Adobe MAX 🤝AI: Key takeaways from the 2023 event
Generative AI took center stage at this year’s Adobe MAX event, prominently featured in the opening keynote, with more than a dozen mentions, and a thrilling preview of over 100 new features set to enhance the Creative Cloud software suite. Here’s what creatives are talking about after this year’s event.
Firefly Image Model 2
Currently in its beta phase, Firefly Image Model 2 comes loaded with new advanced AI features. The model provides users more control over prompts and it generates highly detailed images in resolutions four times higher than its first model. This new model also allows you to upload artwork or images to copy the art styles to generate more realistic and creative image generations. Creatives can also rejoice because Firefly Image Model 2, just like the original Firefly model, was trained on Adobe stock images, openly licensed content and public domain images. While controversy clouds other image generation tools due to the way their image datasets were sourced, Firefly is designed to generate content that’s safe to use in your commercial work.
Text-to-vector Generative AI
The introduction of innovative, text-based generative AI capabilities in Photoshop left everyone in awe (at least that’s how our team felt). The ability to perform photo manipulations, expand backgrounds, and add objects with just a few words was truly astonishing. Now, these remarkable features are making their way to Illustrator. ‘Text-to-vector,’ has entered the chat.
With these generative AI tools, Illustrator empowers users to create vector-based illustrations, subjects, scenes, and icons by entering text prompts. While text-to-vector is still in its beta phase, we’re excited for its potential capabilities.
One standout feature, known as ‘Retype,’ enables you to identify fonts by scanning images. Essentially, it transforms static text within an image into editable text. This tool can even help you pinpoint the exact font used in the image or suggest similar fonts.
Text-based video editing in Premiere Pro
Premiere Pro’s latest update focuses on text-based video editing and … you guessed it … AI-powered enhancements. Premiere Pro can now generate a transcript of interview content, and editing the video is as simple as highlighting the portions of the transcript that you want to use. Notable features include a filler word detection tool for quick removal of filler words, such as “ums” and “uhs,” and an enhanced speech function that uses AI to improve audio quality by eliminating background noise and distortions.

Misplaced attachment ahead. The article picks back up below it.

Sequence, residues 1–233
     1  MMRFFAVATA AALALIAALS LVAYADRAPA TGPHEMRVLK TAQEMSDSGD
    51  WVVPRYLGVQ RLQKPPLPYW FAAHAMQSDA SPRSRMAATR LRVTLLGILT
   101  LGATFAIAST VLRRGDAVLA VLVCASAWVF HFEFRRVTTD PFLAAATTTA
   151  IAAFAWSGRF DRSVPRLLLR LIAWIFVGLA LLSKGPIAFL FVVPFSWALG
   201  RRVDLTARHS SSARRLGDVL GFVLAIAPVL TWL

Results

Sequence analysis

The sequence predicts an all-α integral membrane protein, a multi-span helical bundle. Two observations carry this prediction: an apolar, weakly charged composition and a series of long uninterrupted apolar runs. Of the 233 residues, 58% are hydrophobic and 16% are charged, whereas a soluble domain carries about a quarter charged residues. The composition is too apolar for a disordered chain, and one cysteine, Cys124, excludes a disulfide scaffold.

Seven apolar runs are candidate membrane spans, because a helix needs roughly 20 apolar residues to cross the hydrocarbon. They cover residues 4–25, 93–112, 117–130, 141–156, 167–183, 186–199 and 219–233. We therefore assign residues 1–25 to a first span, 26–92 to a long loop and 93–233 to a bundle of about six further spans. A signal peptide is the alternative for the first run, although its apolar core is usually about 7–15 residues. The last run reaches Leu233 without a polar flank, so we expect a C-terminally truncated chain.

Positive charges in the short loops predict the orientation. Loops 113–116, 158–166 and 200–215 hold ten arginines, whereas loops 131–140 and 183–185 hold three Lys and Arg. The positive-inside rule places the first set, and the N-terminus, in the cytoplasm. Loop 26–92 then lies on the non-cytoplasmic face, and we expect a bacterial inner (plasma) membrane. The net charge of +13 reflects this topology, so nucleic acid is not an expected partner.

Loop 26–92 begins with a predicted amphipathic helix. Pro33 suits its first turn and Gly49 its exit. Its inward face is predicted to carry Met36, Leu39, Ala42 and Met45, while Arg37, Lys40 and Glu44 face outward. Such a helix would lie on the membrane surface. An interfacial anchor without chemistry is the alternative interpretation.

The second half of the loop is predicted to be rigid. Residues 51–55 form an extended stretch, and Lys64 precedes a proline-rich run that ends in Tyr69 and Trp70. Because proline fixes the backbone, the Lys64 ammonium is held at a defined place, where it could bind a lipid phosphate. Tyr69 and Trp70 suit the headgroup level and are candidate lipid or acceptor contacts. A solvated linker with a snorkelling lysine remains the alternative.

Text-to-template AI tools in Adobe Express
Adobe Express, the company’s desktop and mobile design platform for making template-based content such as social posts, got a lot of love at this year’s event. Express is getting some notable new features, making it more useful for users with no formal design training who have easy-to-use content creation needs.
The first feature, Generative Fill, harnesses the same technology found in Adobe Photoshop, enabling users to effortlessly add, remove, or replace objects within images right from Adobe Express.
The second feature, Text-to-Template, is an addition that empowers users to design editable templates for various purposes, such as greeting cards, flyers, wedding invitations, and posters, with just a few simple prompts.
Adobe Express now offers a content scheduling tool for planning, creating, scheduling, and publishing entire social media campaigns, even providing direct publishing support for platforms like TikTok.
Lightroom’s Lens Blur Enhanced by AI
Lightroom users were not left in the dark, offering them a set of exciting AI-powered tools, including an enhanced editing experience on the Lightroom mobile app. One standout addition is the HDR Optimization feature, which takes photo enhancement to an entirely new level.
The star among these new Lightroom features is the AI-powered Lens Blur, enabling users to effortlessly add a stylish DSLR-style blur effect to their photos with just a single tap.
Inevitably, creatives have mixed feelings about the rapid rise of AI design tools. On the one hand, they can eliminate much of the drudge work designers find themselves doing. On the other, do they ultimately eliminate the designer themselves?
As one might expect, Adobe put a positive spin on the AI design revolution. Talking to Hypebeast, Scott Belsky, Adobe’s current Chief Strategy Officer and EVP, Design & Emerging Products said, “These tools are only as good as the ideas you have and how to use them. What’s changed now is that there’s less friction to get something from your head into something that’s visual.”
What’s in store for future creatives?
As Adobe’s fast-evolving product suite becomes easier to master, Belsky suggests that creatives who previously specialized in one or two tools will be able to learn more, and move between them with greater ease. Tools like Adobe Express lower the barrier to entry for creating effective content assets, but he’d like us to believe that “the ceiling has gone up” too.
Increasingly, the tools exist to make more professional looking design assets quickly, whether in the hands of a professional designer or a jill-of-all-trades social media manager. Belsky would like us to believe that this should make designers more impactful in their work. Yes, your agency designer may be using AI tools to produce things more quickly. But the time saved should be used for big picture thinking, strategic storytelling and better brand building.
Effective creativity, he suggests, is less about mastering tools than it is about concepting things that move the audience. “Something that captures your imagination and pulls at your heart, that’s effective creativity, [and it’s] going to continue to come from humans because it has to be governed by story and craft and meaning and emotion.”